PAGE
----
Comment by Alastair — Fri 27th September 2013 @ 7:54 pm

  12. Bruce S, you are correct that there are many mentally ill men locked up in prison. Since “deinstitutionalisation” became fashionable in the 1970s and NZ closed its network of psychiatric hospitals, there has been little alternative.

    Mental Hospitals were not without their problems, but I suspect men got much better care than they currently do ‘in the community’, or in jails.

    Comment by JohnPotter — Fri 27th September 2013 @ 8:49 pm

  13. Having been “Inside” as a prison volunteer John, you are so right. The “Officers” certainly had minimal medical training, unless an inmate was absolutely abnormal or attempting self harm, it was ignored. The Inmate had to request to see the doctor.

    Comment by Alastair — Fri 27th September 2013 @ 9:23 pm

  14. An attempt to offer an alteranitive or …

    In Wanganui an organisition has recently openedcalled “Safe Haven” They are for both male and female survivors (Their word) ofsexual abuse.

    A direct Quote:-
    We’re dealing with males and females, children and adults. And generally 90 per cent of the sexual offending is done by people who are known to the person being offended against,” she said.

    She said statistically one in four women up to the age of 16 are likely to be offended against and very conservatively one in 10 men.

    Note the last phrase “Very conservatively one in 10 mem”

    Aretheycatchingon? howeverI wouldpreferto talk to a maleon this topic!

    Comment by Alastair — Sat 28th September 2013 @ 7:43 am

  15. There are large numbers of men and women in the community, who have been diagnosed with bipolar disorder (4 million x 1% = ????. There are many more people, who don’t meet all of the criteria for enough of the time, but who have the same problems, just to a slightly less degree. Most of these people have learned to manage their problems and live relatively normal lives, perhaps a bit more limited than the “average” person. Drugs play a role, but understanding limitations and living within them is the largest contributor to having a productive life.

    Think of the number of people you have known well, who have committed suicide, you are probably dealing with 10x that number of people with bipolar, that haven’t told you about it. While stigma is perceived as strong, they will prefer to keep that issue quiet from you.

    Thus, there are many men and women in the community living with bipolar, that are not displaying obvious signs. When they are, they know to lay low and get support from family, friends, psychologists, drugs.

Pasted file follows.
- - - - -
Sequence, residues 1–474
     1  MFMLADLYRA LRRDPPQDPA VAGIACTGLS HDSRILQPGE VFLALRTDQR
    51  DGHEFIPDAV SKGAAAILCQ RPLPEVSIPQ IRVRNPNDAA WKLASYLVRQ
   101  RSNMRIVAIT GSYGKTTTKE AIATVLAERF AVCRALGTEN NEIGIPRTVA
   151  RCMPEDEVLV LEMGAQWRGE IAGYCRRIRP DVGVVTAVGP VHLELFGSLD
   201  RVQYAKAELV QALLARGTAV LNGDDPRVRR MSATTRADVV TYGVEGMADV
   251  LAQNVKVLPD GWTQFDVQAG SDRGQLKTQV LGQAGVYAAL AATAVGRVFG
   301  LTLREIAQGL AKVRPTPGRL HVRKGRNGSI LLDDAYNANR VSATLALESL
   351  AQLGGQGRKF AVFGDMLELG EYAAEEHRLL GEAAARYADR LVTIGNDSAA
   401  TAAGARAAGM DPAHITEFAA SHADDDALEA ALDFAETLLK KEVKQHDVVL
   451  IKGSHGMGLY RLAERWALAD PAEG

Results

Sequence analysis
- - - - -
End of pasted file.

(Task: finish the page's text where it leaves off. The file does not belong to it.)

Men are usually under more pressure to manage psychiatric symptoms, for job success, success with women… These pressures no doubt play a great role in the visibility and successful management of these problems. This sure doesn’t mean that the symptoms are not there. Another name for these pressures, is stigma.

    The National Study of Psychiatric Morbidity in New Zealand Prisons
    Questions and Answers

    Mental Health Screening Tool improves prisoners’ care 27 June 2013

    New Zealand Provision of Forensic Mental Health Services

    Care of mentally ill inmates ‘atrocious’, counsellor says

    Suicide rate in NZ prisons 11 times higher than general population

    Prevalence of psychiatric disorders in New Zealand prisons: a national study.

    Provision mental-health services for prisoners NZ Auditor General

    Community mental health and imprisonment of people with serious mental health problems have been swept under the carpet for a long time. When there were no effective treatments, there was little alternative. Now that effective strategies for managing these problems are readily available, we need to face these issues proactively, for the people themselves and for their children.

    Bipolar disorder has been presented as a disorder, in the articles above. When managed even to only a small degree, there are positive and creative sides to it too.

    Katherine Brooks, director/writer/filmmaker. “I don’t believe Bipolar holds me back as a person or a filmmaker. I actually believe it makes everything I do have more meaning, passion, and purpose. I’m thankful to be this way “¦ thankful to be born Bipolar.

    Who would ever want to be described as: normal in NZ?

    The man who taught me the most about legal strategy was bipolar. I greatly appreciate what he showed me. Cranky at times, but he was also very perceptive and practical.
    Cheers, MurrayBacon.

    Comment by MurrayBacon — Sat 28th September 2013 @ 7:59 am

  16. Here we have it from the UN Secretary-General; it is not the century of global warming, conflicts like Syria come a sad second, no, it’s the century of women!

    Comment by Downunder — Sun 29th September 2013 @ 8:26 am

  17. Instead of putting up with being devalued, we must strengthen our self value and validate each other in the same way too.

    I was quite horrified to read of the UK attitude toward allowing men prisoners to be sexually assaulted. Reading it, made NZ look civilised by comparison?

    If I recall correctly, Geoffrey Archer spent a few months in jail for perjury, a Minister of the Crown. I wonder if he got to try all of the benefits of UK prisons?

    So, UK has 1/4 of the men’s suicides that we drive in NZ, but it treats prisoners far worse than we treat our prisoners.

    If there was wisdom in the world, why can’t we get down to their suicide figures and why doesn’t UK apply NZ policies for protection of prisoners from sexual assault?

    Comment by MurrayBacon — Wed 11th June 2014 @ 9:07 pm